Before reading Chaining Flame, I knew nothing  about James. L. Wolf as a writer, so I jumped at the chance to read someone new.  I was pleasantly surprised (the cover had that typical low-press composite feel that would have repelled me on the shelf).  The book was well written with a robust world for the length of novel.  I finished this book probably in less than 2 hours because I was that enthralled with the read.

That being said, there was room for improvement.  If this had been a full length novel, I would have given it as 3 star because of the lack of development of the relationship and Ficus.  But, this is a novella, which is designed to give us more of a “snippet” and power packed story, which was delivered.  I will say that this has aroused my curiosity  about Mr. Wolf’s writing and I will check out his other novels.  If you want a hot, quick, BDSM-style fantasy read, give this one a shot!


Quickie: Clockwork Tangerine by Rhys Ford

ClockworkTangerineLGOther Reviewers: Goodreads

This novella is written by Rhys Ford, someone whom I have adored as a writer for some time.  Almost everything  she writes I love, and it is always difficult for  me to find fault with her writing.  As full disclosure, I was given this book for and honest review.  However, my opinions are honest.

First things first, this is a novella, pretty short at 90 pages.  So the criteria that I might have on a full-length book review would not be fair against this size.  Thus, this will be a “Quickie Review”, with some different criteria.

Page count: 90

Basic Plot:

One night, Marcus Stenhill, Viscount Westwood discovers a man in the act of being beaten by some drunk youths.  After saving the man, Marcus uncovers that this Robin Harris was responsible for death and mayhem years before by the Society.  While there is chemistry between Marcus and Robin, is it safe or possible for them to forgive the past and move forward together?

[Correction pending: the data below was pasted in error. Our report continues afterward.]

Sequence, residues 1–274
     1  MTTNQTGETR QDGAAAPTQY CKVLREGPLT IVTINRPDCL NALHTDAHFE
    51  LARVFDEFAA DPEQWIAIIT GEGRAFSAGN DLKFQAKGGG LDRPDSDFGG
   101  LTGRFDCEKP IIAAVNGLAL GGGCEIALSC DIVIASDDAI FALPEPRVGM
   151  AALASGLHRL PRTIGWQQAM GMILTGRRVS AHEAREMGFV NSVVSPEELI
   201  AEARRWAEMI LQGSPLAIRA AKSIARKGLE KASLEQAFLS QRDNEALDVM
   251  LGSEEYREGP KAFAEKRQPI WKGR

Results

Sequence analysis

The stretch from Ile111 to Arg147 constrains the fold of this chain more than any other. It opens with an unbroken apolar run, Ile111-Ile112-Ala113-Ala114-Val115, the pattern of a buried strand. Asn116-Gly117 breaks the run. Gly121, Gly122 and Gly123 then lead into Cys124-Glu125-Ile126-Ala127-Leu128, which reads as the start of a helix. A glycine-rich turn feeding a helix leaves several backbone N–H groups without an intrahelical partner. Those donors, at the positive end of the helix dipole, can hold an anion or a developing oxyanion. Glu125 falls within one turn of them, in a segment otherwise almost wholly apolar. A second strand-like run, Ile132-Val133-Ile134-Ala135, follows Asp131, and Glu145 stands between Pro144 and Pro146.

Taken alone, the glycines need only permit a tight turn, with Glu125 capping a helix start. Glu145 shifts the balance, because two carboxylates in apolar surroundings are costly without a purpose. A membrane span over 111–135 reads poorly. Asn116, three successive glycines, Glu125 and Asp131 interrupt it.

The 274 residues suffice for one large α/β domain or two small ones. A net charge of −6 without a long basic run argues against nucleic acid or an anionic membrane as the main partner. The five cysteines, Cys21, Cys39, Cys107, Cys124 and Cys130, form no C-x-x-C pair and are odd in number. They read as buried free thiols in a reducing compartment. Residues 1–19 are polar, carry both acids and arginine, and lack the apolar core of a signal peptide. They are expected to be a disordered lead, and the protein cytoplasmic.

What I liked about this story is that it is not “sex focused”, but rather gives a large percentage of the novella to the plot, world building, and backstories.  That being said, this is HEA story with a hot sex scene at the end.  We get perspectives from Robin and Marcus, which I appreciated.  Because of the shortness of the novella, any interaction between the two main characters must be packed full of relationship building.

Strong Points:

  • The World Building: This is the best aspect of the story.  We get into the world quickly, as the author builds the story through Marcus’s memory and observations.  Bits of the conflict in the past give us hints of what led to the world’s current environment:

Thousands had suffered at the hands of the Society.  They’d brought about the rise of the Golems, creatures – humans according to the courts – created in workshops and grown to adolescence in bowls of plasma and blood, only to be used as shock troops and assassins for the Society’s cause.  They’d been terrorists of the basest form, attacking the very foundation of the British Empire, but Marcus had a difficult time reconciling the idea of the man laid out before him had anything to do with their destructive agenda.

  • Even Has a Theme:  I normally do not worry about a theme in this size of a novella.  However, I found something powerful in the story:

A man with power protects and serves those lesser than he.  It is only the weak who use their power to do harm.

This is the truth that both men have discovered and spend their energy in life now giving back to others.  We see it with Marcus early on as he saves Robin; Robin has spent his recent time trying to make other’s lives better with his skills.

What Could be Better:

  •  Too ShortThat goes without saying because it is 90 pages.  The reason that this is 4 stars instead of 5 stars was that while I did take the fact that it was a novella into account, I was still left wanting.  We had a definitive ending, and it was happy.  Yet, I still felt like some other action was needed.  More exterior conflict?  More relationship building?


I really enjoyed this book.  There are some aspects to the world building that I do not want to get into here as it would spoil the plot.  However, because it deals with homosexuality, laws, and society, I can see how this book would not work for a full length gay romance novel.  I think the author did the right thing: give us an intriguing and entertaining look at a steam punk world to want more.  I think now Rhys Ford can build a similar world with huge plot lines and characters that we will drool over for years and years of series…. hint…. hint…